Tip about militia member Mark Koernke led to Hutaree investigation, court filing says
The FBI formally opened an investigation into the Hutaree militia in 2008 after two people claimed Webster Township militia member Mark Koernke was one of two leaders of the group, according to a court filing Friday by Todd Shanker of the Federal Defender Office.
That information "has proven to be utterly false," the filing says.
In addition, 20 months after the probe was launched, "the same agent that authored the investigation-opening report could offer nothing new regarding criminal behavior," the filing says.
Shanker, who is representing Hutaree member David Brian Stone Jr., is appealing an order by U.S. Magistrate Judge Paul J. Komives to deny a request for a Vinson-Enright hearing — a pretrial hearing during which the government must prove a conspiracy existed and the defendants were part of it.
Nine members of Hutaree are awaiting trial after being indicted in March on charges including seditious conspiracy. Among the allegations is that Hutaree members planned to kill a law enforcement officer and attack the funeral procession motorcade with homemade bombs.
According to Shanker's filing, the investigation began on Sept. 30, 2008 after a confidential informant, along with a member of the Southeast Michigan Volunteer Militia, identified Mark Koernke and David Stone Sr. as the leaders of Hutaree. Stone was charged in the case, but Koernke was not.
The filing mentions an FBI report on that date that describes Koernke as "a notorious 'anti-government conspiracy' theorist with prior convictions for assault of a police officer, resisting arrest and fleeing police, for which he served just over seven years in prison."
The report concludes by saying Stone Sr., Koernke and "yet to be indentified members of the Hutaree are possibly taking steps to commit criminal acts or conspiring to harm the United States government," the filing says.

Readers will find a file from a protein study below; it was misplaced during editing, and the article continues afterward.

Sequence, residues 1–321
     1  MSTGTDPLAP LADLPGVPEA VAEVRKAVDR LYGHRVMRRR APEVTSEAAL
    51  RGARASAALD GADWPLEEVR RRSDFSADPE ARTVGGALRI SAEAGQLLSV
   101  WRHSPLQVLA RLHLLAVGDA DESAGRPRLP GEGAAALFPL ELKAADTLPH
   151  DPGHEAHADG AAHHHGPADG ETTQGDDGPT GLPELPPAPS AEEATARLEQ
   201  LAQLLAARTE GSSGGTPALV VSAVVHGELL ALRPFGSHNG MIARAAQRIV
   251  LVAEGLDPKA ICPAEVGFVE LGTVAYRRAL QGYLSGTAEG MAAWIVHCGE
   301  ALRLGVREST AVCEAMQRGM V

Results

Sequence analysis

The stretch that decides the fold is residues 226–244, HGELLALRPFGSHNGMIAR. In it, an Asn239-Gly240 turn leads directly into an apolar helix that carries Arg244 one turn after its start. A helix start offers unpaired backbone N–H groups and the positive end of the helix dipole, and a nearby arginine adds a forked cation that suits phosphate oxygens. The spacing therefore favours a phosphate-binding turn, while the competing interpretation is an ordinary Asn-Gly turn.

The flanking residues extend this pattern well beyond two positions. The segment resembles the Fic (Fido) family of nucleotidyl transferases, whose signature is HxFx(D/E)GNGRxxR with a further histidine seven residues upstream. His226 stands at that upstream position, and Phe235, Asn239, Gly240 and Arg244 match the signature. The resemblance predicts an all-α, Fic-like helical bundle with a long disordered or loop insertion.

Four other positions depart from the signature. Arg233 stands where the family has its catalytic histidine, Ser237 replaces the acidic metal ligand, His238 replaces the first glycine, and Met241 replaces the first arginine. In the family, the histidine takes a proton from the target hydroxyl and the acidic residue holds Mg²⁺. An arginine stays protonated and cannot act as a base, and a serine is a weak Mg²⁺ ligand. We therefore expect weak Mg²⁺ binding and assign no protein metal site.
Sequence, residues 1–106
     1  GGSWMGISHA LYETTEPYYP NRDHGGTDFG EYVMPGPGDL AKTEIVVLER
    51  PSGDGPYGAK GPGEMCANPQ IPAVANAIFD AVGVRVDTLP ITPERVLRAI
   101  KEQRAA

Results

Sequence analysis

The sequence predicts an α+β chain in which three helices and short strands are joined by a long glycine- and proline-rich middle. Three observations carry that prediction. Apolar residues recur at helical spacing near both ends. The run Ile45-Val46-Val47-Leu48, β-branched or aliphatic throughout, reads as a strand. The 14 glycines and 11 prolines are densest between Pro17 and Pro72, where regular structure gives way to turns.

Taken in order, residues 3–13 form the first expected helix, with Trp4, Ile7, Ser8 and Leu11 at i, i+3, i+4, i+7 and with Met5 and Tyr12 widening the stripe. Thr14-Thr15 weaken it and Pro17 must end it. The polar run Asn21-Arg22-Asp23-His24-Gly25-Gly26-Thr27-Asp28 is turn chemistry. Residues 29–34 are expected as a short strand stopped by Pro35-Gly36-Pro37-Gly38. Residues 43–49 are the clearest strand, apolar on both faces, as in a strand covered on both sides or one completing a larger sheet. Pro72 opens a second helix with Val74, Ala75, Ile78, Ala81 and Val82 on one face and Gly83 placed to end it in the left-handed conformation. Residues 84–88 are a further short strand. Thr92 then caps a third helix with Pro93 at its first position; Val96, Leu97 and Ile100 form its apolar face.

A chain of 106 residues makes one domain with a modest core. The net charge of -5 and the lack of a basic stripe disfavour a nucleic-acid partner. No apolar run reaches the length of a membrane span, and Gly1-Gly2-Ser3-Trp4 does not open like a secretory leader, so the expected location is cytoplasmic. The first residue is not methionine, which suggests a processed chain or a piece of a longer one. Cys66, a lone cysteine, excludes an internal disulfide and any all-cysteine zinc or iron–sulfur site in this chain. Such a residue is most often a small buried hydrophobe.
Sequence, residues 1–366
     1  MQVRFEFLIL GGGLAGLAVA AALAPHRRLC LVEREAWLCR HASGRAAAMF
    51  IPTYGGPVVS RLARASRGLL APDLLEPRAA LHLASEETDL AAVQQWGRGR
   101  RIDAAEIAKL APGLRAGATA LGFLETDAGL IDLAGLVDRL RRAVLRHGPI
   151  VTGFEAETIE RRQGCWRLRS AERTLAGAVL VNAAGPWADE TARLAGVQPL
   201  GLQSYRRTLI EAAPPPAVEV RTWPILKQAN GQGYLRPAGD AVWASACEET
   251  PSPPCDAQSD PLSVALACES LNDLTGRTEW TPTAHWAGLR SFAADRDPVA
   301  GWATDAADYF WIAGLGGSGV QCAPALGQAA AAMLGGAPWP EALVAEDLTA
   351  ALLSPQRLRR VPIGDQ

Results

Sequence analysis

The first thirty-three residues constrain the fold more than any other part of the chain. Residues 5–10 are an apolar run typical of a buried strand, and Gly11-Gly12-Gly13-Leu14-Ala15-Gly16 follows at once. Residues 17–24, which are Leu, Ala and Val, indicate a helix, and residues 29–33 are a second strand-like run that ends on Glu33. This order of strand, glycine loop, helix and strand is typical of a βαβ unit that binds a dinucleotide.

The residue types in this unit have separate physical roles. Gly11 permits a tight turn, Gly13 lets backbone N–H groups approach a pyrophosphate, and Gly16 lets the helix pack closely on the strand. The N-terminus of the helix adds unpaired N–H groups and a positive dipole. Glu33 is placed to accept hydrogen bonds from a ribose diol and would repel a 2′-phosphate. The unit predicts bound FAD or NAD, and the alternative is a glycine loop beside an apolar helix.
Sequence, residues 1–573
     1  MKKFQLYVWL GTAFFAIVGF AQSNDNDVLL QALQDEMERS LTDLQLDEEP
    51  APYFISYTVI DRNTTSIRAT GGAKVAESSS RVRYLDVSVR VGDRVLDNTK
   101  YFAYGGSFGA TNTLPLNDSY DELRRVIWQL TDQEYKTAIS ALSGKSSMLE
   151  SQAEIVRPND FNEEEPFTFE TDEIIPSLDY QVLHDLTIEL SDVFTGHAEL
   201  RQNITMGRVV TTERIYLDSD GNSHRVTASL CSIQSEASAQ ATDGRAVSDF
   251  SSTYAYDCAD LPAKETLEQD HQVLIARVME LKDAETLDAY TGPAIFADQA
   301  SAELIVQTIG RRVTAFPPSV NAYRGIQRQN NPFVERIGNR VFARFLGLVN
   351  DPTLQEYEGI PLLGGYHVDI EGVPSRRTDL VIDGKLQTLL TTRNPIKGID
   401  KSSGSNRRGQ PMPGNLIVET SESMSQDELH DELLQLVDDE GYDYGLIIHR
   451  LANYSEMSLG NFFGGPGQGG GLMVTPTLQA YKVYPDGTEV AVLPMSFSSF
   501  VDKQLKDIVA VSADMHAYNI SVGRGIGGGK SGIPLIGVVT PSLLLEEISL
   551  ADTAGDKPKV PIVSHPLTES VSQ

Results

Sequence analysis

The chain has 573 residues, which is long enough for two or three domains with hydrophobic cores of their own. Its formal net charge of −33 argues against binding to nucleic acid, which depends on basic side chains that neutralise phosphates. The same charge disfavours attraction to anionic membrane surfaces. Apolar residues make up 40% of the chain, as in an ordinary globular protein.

According to the filing, David Brian Stone, Jr. "never said an unkind word about anyone" on many hours of secret tapes recorded by confidential informants and two undercover agents.
The only action the government could attribute to Stone Jr. was "setting off fireworks at the command of his father during a training session to avoid trip-wires in June of 2009 — over nine months before the arrests," the filing claims.
"There is not a shred of evidence that David Stone Jr. knew of any plan to use weapons of mass destruction against local police officers, let alone that he agreed to such a plan," the filing says.
Federal prosecutors had previously argued in a court filing that a Vinson-Enright hearing was not only premature, but would be “burdensome, time-consuming and uneconomic.”
U.S. District Judge Victoria Roberts will review Shanker's filing and has various options. She can overrule the magistrate and order a full Vinson-Enright hearing, affirm the magistrate's decision and deny the hearing or reverse the magistrate's order in part and order a more limited Vinson-Enright hearing.
Shanker is still waiting a decision on a separate motion to dismiss seven of eight charges against his client.
Lee Higgins covers crime and courts for AnnArbor.com. He can be reached by phone at (734) 623-2527 and e-mail at firstname.lastname@example.org.